Diana also has Lisa contact the one other Visitor on the ship that she feels that she can trust: Marcus (Christopher Shyer). Down on Earth, Erica tries to call Jack, but he ignores her attempt to reach out. Fortunately, Hugh Jack… I mean, Hobbes, shows up at her door hot for her new militant side. He shares a few platitudes with her and… oh my God, they’re taking off their clothes!
Wow… that’s really clunky. I mean, they’re even having sex over the picture of Erica’s dead husband and Tyler!
Congratulations, "V"! You just gave us the most awkward and implausible sex scene in science fiction history.
You know, I sometimes wonder if "V" is a show secretly written by aliens. Because at least that would explain the series’ seeming inability to create believable human relationships between any of the main characters.
When I came out in favor of eventually bringing Hobbes and Erica together, I didn’t mean after one week! The only reason I thought it was a good idea was that it could have led to some interesting character development as they got closer to each other. Look, people have cheap, desperate sex all of the time. It happens. But if two of your lead characters are going to do that, there should be more buildup to it than just rubbing hands together in last week’s episode!
I’m also having a hard time liking Erica in general anymore. If anything, she seems more selfish and arrogant than ever before. To a certain extent, I can understand her new ruthless side, but it’s not very convincing. I’ve made light of Erica’s past failed missions, but I don’t recall her ever failing this big before and then turning around with the nerve to argue it was a success! Also, Anna’s delusion that the Fifth Column died with Eli was pretty mind-blowing as well. Has the death of a leader ever stopped a terrorist group?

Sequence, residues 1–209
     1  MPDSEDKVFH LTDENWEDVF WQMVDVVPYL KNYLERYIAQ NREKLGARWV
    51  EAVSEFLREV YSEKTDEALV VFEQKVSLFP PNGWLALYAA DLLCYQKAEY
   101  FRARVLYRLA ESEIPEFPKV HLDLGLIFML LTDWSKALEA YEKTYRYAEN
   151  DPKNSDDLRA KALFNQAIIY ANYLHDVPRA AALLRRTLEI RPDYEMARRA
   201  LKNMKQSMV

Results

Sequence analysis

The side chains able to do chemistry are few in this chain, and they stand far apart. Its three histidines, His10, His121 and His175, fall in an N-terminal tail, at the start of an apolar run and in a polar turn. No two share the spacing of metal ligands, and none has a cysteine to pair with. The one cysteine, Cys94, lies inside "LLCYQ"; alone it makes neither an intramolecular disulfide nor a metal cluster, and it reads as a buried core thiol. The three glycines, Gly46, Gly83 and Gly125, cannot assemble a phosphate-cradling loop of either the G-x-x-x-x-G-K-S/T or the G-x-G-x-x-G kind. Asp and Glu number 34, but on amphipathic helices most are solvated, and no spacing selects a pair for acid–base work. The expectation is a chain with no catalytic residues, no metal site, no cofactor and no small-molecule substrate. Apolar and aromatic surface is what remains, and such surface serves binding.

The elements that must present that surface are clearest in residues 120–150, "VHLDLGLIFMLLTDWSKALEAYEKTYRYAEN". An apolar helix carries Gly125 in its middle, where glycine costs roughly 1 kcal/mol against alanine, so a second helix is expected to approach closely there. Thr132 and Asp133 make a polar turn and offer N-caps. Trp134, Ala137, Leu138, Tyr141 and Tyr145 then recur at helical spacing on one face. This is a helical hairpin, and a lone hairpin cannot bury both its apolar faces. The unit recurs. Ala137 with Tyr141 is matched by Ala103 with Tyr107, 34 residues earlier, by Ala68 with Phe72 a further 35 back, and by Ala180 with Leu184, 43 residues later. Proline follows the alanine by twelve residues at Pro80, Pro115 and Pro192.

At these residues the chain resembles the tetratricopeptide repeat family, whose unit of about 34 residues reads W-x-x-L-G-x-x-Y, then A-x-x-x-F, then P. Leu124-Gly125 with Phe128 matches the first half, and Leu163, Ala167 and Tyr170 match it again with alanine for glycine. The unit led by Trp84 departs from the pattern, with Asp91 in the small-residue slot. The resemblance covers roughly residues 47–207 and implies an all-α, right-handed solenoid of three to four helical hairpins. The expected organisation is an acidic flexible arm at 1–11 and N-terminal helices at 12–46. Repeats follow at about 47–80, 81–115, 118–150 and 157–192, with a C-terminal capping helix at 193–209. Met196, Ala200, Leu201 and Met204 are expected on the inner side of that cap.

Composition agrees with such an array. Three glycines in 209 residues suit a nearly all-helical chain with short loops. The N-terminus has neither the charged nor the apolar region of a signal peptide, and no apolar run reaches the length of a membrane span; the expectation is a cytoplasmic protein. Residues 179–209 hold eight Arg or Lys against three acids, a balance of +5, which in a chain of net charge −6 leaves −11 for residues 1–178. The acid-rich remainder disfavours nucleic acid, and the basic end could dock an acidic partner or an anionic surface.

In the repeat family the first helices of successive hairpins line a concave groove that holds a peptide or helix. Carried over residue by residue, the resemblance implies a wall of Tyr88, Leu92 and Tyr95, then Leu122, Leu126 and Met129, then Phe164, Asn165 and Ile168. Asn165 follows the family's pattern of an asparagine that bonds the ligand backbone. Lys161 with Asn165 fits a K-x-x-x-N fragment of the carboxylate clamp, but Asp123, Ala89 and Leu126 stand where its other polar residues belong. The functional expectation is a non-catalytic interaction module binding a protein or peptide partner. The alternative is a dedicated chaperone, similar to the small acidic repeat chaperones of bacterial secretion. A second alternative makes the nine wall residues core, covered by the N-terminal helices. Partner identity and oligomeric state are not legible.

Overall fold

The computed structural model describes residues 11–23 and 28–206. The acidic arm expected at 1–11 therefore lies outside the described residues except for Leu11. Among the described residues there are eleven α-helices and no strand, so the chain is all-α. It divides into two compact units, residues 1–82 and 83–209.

And for that matter, why is every resistance cell on Earth called the Fifth Column? That was the name of the Visitors’ resistance movement, so it doesn’t make any sense for it to be so commonly used by the humans. I’m also puzzled by the complete lack of splinter factions. Not to go all Monty Python, but where are the People’s Front of Judea and the Judean People’s Front? It’s asking a lot to make us buy into the idea that the resistance movement is in such close sync around the world that no one has gone off on their own. But then again, this is the show that treats Chad Decker like he’s the only newsman on Earth.
Special recognition has to go to the Tyler vs. Raphael scene, which may have been the worst written sequence in the entire series. In a complete reversal from last week’s show, Tyler suddenly decided he cared about Lisa again and tried to start a fight while shouting dialog that sounded like it was upper Disney Channel. Bad… bad stuff.
Against my better judgement, I still enjoy the Lisa and Diana scenes, as they may be the only two interesting characters on the entire show. There’s a bloodbath coming up in the season finale and those two are the only ones I want to see survive. I’m okay with killing off anyone else on the series.
Which is probably not the intended reaction for a program that may never get a third season or another chance to get its story into gear.
Crave Online Rating: 6.5 out of 10.